Lazy email users drive spam click rate

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googlemail.jpgDM CONFIDENTIAL — In McAfee’s latest research report, “June 2009 Spam Report,” the antivirus software and network security company reviewed the spam world during President Barack Obama’s first 100 days in office and explained why it expects a troubling trend to continue.

While the usefulness of utilizing President Obama’s first 100 days in office as a lens through which to view the spam world is dubious, McAfee broke this timeline down into chunks of about 30 days.

During days 1-30, Obama-related spam declined sharply after Inauguration Day, according to McAfee. Valentine’s Day-related spam did not see quite the surge that was expected.

Days 31-60 saw the increase of “classmates” spam, which flowed over into Facebook by the second week of March. The Conficker zombie botnet also made a foray into the main spotlight as April began.

During days 61-100 saw spam levels nearly double across the globe between April 1 and April 8, according to McAfee, “moving from a three-month low to a four-month high.”

The company concluded that “the first 100 days of Obama’s presidency were mostly business as usual in the spam world.”

McAfee went on to highlight a troubling trend: e-mail users have become lax in monitoring their inboxes because of their reliance on improved anti-spam filters.

“This carelessness can result in a higher click rate on the fewer spam messages that do bypass the filters. We expect this unfortunate trend will continue,” McAfee noted in its report.

Three e-mail features were underscored as examples of tactics leading to phishing and spam campaigns.

Branding was the first, and is categorized as e-mails with the appearance of originating from a trusted source “because they look just like the real thing.” Branded campaigns from late February and early March involving Classmates and Facebook were cited, where links were placed for users to download a “Flash player installer,” which was actually malware. In March, Web sites attempted to look like genuine video feeds from Reuters.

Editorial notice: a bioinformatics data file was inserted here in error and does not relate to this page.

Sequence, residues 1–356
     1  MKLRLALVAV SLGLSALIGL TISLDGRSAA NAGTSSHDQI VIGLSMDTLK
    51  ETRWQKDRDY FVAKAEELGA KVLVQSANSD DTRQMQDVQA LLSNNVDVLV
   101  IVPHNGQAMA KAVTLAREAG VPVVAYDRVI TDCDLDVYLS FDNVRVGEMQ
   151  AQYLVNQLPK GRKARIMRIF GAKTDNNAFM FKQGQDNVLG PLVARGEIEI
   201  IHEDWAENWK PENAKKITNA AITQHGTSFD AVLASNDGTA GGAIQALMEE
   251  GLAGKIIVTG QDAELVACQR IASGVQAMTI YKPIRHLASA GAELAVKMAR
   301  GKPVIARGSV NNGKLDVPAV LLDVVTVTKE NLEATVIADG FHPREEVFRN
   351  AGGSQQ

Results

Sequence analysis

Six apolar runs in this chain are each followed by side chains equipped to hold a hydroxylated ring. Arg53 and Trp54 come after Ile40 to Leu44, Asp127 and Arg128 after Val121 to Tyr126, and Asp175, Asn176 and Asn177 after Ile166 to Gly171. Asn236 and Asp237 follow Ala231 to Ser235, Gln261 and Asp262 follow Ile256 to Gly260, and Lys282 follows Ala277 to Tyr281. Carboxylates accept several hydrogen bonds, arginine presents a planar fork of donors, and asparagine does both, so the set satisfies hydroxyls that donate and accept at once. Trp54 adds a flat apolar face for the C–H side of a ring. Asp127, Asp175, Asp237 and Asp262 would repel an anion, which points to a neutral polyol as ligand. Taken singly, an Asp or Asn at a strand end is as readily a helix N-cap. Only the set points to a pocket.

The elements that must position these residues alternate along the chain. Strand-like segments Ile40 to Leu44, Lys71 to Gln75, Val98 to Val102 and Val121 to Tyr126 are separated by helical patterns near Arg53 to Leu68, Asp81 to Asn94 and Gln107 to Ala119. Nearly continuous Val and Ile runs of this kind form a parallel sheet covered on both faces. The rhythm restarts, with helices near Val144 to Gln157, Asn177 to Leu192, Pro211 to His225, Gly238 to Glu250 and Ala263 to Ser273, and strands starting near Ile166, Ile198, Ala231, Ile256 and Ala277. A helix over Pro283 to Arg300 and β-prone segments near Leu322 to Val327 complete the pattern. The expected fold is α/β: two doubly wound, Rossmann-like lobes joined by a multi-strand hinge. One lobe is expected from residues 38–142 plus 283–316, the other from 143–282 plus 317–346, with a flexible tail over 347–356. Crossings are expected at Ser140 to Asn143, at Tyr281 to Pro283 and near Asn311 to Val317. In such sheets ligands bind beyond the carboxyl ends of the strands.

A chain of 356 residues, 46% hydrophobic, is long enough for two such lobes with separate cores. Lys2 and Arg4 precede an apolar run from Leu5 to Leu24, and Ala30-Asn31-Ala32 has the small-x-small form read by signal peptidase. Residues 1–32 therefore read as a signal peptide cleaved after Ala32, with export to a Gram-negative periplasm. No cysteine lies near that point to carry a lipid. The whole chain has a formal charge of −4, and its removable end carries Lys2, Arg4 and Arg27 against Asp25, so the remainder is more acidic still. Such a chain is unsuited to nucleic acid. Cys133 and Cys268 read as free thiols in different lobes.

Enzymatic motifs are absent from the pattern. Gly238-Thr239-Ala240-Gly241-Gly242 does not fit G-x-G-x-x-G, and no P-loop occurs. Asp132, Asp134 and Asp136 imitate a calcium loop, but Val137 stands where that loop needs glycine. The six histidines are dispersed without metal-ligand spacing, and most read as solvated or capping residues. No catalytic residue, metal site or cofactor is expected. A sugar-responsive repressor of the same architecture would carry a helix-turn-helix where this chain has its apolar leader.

Images was the second, a tactic in which images associated with pharmaceuticals, notably via Chinese Web sites are used.

Headline spam was the third, which involves a “subject line or short message blurb” with a link in the e-mail. McAfee noted that swine flu presented the perfect example of this.

In the conclusion, the company notes that as long as e-mail users “continue to behave as suckers, spammers will use sophisticated tactics to separate us from our money.”

A separate report released by Symantec’s MessageLabs revealed that 90.4 percent of all e-mail was spam in May, a 5 percentage point increase from the previous month.

Courtesy of DM Confidential editor.

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